Start with the classic Dreadnought and then move on to the Castles of Steel. Both are magnificent and definitive works by Robert Massie. In these books you'll get the details of Home Island vulnerabilities plus you'll get a more realistic grasp of US Navy capabilities and US Navy innovations (that never came into play in WW1).

The Last Gentleman of War, if you can find it, is a wonderful read that details the celebrated exploits of the German cruiser Emden in WW1 and the story lays bare the vulnerabilities of the United Kingdom when it notes that the interruption of phosphates being shipped to the Home Islands had the potential to be more disastrous than a battlefield loss.

A free study of the German raider Wolf can be found here:
http://www.gutenberg.org/files/16690/16 ... 6690-h.htm


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PostPosted: Wed Jan 26, 2011 1:46 pm
 


BartSimpson BartSimpson:
jed7 jed7:
nearly all of britains imports and exports were with the Unted states, so war between them was almost impossible.


Trade does not preclude war. I've already established that in this topic. Do follow, eh? :wink:



it does within the context of the first world war, Britain could not possibly keep it's armies in Germany, if it went to war with it's most important trading partner, at the same time. And American feeling was anti-German from day 1, which makes war impossible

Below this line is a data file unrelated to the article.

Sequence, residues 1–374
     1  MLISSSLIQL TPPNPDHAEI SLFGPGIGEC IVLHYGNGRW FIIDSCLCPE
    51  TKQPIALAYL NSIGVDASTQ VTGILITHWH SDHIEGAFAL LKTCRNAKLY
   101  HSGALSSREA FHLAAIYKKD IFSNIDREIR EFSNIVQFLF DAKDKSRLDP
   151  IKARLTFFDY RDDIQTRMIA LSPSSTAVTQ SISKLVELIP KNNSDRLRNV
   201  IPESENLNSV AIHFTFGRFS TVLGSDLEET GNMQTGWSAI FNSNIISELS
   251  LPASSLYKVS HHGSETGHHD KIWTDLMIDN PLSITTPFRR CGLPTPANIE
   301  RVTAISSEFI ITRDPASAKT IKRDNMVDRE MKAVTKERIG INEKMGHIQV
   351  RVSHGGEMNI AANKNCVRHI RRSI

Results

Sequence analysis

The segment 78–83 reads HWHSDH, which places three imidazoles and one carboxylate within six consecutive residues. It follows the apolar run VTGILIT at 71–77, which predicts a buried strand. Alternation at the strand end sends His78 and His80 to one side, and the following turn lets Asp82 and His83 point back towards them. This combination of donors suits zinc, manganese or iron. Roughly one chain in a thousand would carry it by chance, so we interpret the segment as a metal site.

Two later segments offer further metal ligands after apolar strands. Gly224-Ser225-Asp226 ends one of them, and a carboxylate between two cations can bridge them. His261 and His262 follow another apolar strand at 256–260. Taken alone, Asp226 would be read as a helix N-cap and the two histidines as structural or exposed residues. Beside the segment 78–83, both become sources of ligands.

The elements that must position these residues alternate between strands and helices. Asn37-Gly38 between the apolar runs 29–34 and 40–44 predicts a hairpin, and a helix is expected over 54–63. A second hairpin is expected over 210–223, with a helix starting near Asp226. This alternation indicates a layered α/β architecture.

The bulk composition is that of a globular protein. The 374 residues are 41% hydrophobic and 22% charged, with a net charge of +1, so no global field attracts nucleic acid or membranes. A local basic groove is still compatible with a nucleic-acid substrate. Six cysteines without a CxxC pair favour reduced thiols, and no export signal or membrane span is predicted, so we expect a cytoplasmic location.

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PostPosted: Wed Jan 26, 2011 1:52 pm
 


"Impossible" is quite a stretch. Difficult, yes. Improbable, obviously.

Impossible? No, not at all.


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PostPosted: Wed Jan 26, 2011 1:53 pm
 


BartSimpson BartSimpson:
But the british fleet was 10x the size of the german fleet, and the Germans didn’t recover from jutland, so the british would have been able to move against the Americans in the atlantic and keep the german blockade going

The Royal Navy in World War One was thinly spread about the world with the one concentration of force being invested in the Home Fleet which was focused on the Germans. That the British Empire was vulnerable to the US Navy (or any other navy at the time) was amply illustrated by the difficulties the Germans imposed on the Brits with their highly successful raiders, like the Moewe. A relative handful of German cargo ships outfitted with guns posed a serious threat to the British Empire that was stretched quite thin at the time.

In the Pacific the Royal Navy was depending on the Japanese to assist them with operations against the Germans and the Japanese were not terribly helpful in that regard.

Now, as you correctly pointed out, the US was Britain's most important trading partner and that was with France and the continent just 22 miles away. A fracas involving the US would have had a greater effect on Britain than the US especially given as that the Brits bought much of their grains from the US. As the war progressed they bought much of their ammunition from the US, as well.

All of which would have ceased had the US merely imposed an embargo, let alone a blockade.

No, the Brits in their splendid isolation were also splendidly vulnerable because by 1914 almost everything of importance was shipped to the Home Islands.